Hinduism and Tribal Religions

Living Edition
| Editors: Pankaj Jain, Rita Sherma, Madhu Khanna

Avidyā

  • Carl Olson
Living reference work entry
DOI: https://doi.org/10.1007/978-94-024-1036-5_397-1

The Sanskrit term avidyā means ignorance, nescience, or lack of knowledge. It becomes a central problem in life in various Upaniṣadic texts in comparison with the Vedas. Avidyā continues to be a root problem for later philosophical schools. Oftentimes, thinkers make a simple equation: avidyā (ignorance) equals being in a state of bondage and knowledge (vidyā) equals freedom. This equation is germane to those thinkers convinced that knowledge is the key to unlock the door of liberation and plays a more minor role with devotional types of thinking.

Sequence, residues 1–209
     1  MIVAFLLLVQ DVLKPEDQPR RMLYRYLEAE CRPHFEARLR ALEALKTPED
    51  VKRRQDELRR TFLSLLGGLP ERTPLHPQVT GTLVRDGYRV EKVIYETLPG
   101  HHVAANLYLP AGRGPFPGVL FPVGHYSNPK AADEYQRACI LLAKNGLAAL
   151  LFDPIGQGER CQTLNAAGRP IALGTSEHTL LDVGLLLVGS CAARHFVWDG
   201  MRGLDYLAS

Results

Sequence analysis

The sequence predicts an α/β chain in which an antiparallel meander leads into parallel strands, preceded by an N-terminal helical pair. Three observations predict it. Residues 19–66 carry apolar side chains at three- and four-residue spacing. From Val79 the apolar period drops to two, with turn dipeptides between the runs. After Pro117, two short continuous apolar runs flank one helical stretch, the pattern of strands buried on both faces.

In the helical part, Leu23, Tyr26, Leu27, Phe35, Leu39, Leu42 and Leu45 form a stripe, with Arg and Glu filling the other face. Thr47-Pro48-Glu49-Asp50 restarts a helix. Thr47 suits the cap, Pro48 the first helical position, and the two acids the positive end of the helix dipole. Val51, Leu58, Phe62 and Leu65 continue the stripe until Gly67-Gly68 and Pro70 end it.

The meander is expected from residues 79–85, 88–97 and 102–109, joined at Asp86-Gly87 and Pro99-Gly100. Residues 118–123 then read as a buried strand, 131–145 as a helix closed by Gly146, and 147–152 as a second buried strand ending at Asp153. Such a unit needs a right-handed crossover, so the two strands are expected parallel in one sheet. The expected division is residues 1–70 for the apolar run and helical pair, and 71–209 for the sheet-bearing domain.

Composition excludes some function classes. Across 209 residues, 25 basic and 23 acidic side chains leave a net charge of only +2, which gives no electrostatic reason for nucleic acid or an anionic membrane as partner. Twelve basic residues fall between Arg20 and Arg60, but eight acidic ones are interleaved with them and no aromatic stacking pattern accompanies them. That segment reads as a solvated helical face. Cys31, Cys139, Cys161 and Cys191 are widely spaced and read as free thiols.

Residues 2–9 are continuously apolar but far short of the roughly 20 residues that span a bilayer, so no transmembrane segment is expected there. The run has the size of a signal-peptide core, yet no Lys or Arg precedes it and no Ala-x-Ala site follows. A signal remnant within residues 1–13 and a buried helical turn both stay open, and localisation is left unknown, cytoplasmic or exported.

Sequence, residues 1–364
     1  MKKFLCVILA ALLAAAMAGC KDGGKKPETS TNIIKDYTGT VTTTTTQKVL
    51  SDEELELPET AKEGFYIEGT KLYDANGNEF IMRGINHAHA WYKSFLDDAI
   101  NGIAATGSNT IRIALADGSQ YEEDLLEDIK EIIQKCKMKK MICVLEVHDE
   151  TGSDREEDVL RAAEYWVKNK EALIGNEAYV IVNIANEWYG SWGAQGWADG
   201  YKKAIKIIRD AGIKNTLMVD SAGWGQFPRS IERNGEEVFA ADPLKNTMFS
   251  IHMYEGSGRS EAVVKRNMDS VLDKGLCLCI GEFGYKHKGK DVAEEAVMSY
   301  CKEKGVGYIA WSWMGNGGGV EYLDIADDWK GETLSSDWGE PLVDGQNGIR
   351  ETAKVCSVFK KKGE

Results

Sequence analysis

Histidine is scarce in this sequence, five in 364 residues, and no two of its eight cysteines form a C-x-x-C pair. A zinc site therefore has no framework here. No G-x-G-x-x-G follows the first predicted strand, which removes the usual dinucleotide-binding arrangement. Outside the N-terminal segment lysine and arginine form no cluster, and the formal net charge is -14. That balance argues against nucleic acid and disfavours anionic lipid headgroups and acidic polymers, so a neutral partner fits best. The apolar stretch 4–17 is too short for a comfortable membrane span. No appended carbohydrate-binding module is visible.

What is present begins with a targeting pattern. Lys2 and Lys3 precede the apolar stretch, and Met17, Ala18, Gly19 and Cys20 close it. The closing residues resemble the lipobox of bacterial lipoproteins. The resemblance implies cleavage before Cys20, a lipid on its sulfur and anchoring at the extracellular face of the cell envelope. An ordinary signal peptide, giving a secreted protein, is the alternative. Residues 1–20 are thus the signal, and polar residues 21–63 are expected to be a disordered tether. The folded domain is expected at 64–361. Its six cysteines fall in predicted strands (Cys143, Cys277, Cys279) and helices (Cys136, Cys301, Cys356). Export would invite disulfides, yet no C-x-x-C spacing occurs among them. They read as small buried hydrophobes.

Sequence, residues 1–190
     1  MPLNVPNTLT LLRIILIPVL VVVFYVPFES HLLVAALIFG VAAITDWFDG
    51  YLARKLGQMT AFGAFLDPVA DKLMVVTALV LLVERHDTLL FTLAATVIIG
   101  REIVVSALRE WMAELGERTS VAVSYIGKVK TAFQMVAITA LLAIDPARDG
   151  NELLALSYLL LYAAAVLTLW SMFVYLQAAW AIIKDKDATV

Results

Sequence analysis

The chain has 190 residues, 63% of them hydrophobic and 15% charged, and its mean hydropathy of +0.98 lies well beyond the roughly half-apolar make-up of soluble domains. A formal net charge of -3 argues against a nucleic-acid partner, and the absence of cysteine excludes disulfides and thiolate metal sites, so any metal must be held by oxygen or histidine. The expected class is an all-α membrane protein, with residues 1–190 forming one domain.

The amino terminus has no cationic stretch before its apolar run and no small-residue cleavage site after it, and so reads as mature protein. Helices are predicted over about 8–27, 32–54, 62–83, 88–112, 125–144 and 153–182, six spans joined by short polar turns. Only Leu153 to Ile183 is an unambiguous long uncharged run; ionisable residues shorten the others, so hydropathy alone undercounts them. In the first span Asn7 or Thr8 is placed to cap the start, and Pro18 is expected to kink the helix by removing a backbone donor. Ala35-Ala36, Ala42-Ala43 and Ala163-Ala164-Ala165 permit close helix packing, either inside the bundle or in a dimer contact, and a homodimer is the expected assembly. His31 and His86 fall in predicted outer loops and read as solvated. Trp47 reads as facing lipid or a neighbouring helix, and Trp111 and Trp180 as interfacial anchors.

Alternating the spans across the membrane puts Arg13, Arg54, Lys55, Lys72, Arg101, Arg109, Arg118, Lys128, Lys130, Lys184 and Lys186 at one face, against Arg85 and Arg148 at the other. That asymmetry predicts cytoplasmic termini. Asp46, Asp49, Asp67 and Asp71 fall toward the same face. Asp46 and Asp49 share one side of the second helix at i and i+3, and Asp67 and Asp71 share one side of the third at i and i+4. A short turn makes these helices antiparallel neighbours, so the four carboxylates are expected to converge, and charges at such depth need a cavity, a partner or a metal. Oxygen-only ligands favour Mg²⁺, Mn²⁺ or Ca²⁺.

In the ancient Chāndogya Upaniṣad, the teacher Uddālaka emphatically states to his student “tat tvam asi” (that you are). This unequitable assertion means that the self (ātman) and Brahman, ultimate reality, are identical, arguing that they are both characterized as pure consciousness (cit). This seems a simple enough teaching to grasp. What is the problem? The fundamental problem that obscures this knowledge is avidyā(ignorance). This...

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Copyright information

© Springer Science+Business Media B.V. 2018

Authors and Affiliations

  1. 1.Religious StudiesAlllegheny CollegeMeadvilleUSA